Children’s Sunday School is offered at 9:00 a.m. and 10:00 a.m. The first session, for children, Pre-K through Grade 5, begins in 8:45 Chapel. Children are excused to their class following the Children's Message. Similarly, at 10:00
a.m. Sunday School begins with worship. Pre-K through Grade 7 children come with their
parents, then go to their classrooms following the Children's Message.
Children ages 4 and younger may also be cared for in West Side's
nursery, located on the second floor of the Christian Education
building, where they will be supervised by women experienced in child
care. Ask an usher for help in finding it.
Young people in grade 8 are part of West Side's confirmation class, called FOCUS, held at 9:00 a.m. in Room 312.
A Young People’s Guide
the Morning Worship Service
What Do We Do When We Worship?
Worship is about God, not about us! It is the most important time of
the week for the people of God, the heart of who we are. From it, we
receive the energy to serve through the hearing of God's Word, the
singing of God's praise, and the offering of our prayers. As
Presbyterians, we believe that God wants us to participate actively in
the liturgy, which is the work of the people. The liturgy is the part
of the service that is ours to do: spoken and sung responses, unison
prayers, hymns. The better we understand what we are doing and why, the
more we will gain from worship.
Worship is alive and therefore keeps changing. We must work to learn
new ways and to re-learn old ways. We hope you and your family will
think about what we do when we come together in corporate worship, as
Christians have for centuries, to worship God.
Worship through Silence: When we come into worship, we come in quietly
so that we can prepare to listen, pray, and sing together as God's
The Prelude: Music helps us to
get ready to worship God. This is a time to think about God, love, our
friends and family, and all the people in God's world. Sometimes the
music is quiet, sometimes joyful, as it reflects the season of the
year, such as the excitement of Easter morning or the sadness of Good
Call to Worship and Opening Prayer:
The Call to Worship is a spoken statement, often from the Psalms,
usually said by the Minister. Sometimes it is read antiphonally (back
and forth) between the Minister and the congregation. It is often
followed by a unison (together) prayer.
Hymn of Praise: This is the
first hymn we sing in praise of God. It is called the processional hymn
if the choir and the Minister are in the back of the church and come
forward during the singing to take their places in the chancel. It
focuses us on God, who has called us to this time of worship.
Prayer of Confession: We pray
to God, admitting that sometimes we do wrong things, that we don't
always do all the good we might do, and that we do not always love as
we should. We ask God to help us live better Christian lives. This
prayer is said out loud, in unison; then there is a moment of silent
prayer when we can focus on what we have said together and on what we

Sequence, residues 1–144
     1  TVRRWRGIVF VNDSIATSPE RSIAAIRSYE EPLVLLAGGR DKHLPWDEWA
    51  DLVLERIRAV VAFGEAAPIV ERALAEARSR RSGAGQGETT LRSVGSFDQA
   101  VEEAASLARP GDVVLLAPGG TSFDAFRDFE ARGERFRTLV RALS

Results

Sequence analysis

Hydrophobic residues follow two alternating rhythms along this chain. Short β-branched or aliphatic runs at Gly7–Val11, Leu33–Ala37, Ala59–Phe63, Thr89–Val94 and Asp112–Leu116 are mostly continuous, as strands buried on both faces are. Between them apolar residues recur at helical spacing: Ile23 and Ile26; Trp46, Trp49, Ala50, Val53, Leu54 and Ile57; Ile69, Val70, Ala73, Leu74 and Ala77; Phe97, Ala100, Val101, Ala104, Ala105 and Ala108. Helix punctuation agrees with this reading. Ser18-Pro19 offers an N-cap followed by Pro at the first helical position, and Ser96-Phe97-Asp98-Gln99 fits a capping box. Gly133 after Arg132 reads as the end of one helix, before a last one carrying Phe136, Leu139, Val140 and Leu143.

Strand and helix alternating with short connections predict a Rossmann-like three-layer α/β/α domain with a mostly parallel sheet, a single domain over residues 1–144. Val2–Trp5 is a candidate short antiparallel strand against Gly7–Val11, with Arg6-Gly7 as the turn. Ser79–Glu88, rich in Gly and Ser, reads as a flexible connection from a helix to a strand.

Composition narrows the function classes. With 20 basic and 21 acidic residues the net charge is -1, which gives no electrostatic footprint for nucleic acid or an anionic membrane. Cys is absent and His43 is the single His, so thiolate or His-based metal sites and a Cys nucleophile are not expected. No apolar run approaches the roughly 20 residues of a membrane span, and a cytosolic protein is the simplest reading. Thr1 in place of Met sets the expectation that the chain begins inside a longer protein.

want to say to God about ourselves.
Kyrie: The Kyrie is one of the
oldest responses in Christian worship, dating from before AD 500. The
original Greek words Kyrie eleison mean "Lord have mercy." We sing them
as a response to our prayer of confession, reminding ourselves that we
are part of a Church which has worshipped for centuries. The music for
the Kyrie may change, but the words are centuries old!
Assurance of Pardon: The Minister tells the congregation that God forgives us and loves us, that God has redeemed (saved) us.
Thanksgiving: We sing a song of
thanks and praise for God's forgiveness. Sometimes we use a verse of a
hymn, sometimes the Gloria Patri. This is an ancient canticle (song),
whose Latin words mean "Glory to the Father." It is a song of praise to
the Trinity (God the Father, the Son, and the Holy Spirit). Like the
music for the Kyrie, music for the Gloria Patri may change.
The Peace: We have praised God,
confessed our sins, been reminded that we are forgiven. Our happiness
spills over and we reach out and share our joy with other friends in
Christ. Often the ancient greeting, "The peace of Christ be with you,"
The Children's Message: We want
our children and youth to know they are an important part of the
corporate (everyone together) worship service. This moment is just for
them, while the adults listen!
Scripture lesson: We listen to
readings from the Bible so that we can hear God's message to us and
think about what God wants us to do. Readings come from the Old and New
Testaments and include selections from the Psalms, Gospels, and
Epistles (letters). We affirm the importance of Scripture and our
gratitude for it through a dialogue at the conclusion of the reading:
The reader states, "The word of the Lord," and the congregation
replies, "Thanks be to God."
Sermon: The minister teaches us about the meaning of God's Word for each of us, for our Church, and for God's world.
Creed: A creed is a statement
of what we believe. Sometimes we use the Apostles' Creed or Nicene
Creed, which are centuries old, but we also use confessions written
throughout the history of the Church, including our recent "Brief
Statement of Faith."
Hymn: The middle hymn helps us
to think about what we have heard in the sermon or about the part of
the Liturgical Year (Christian Year) we are observing.
Pastoral Prayer and The Lord’s Prayer:
The Minister gives thanks to God (prayer of thanksgiving) and prays for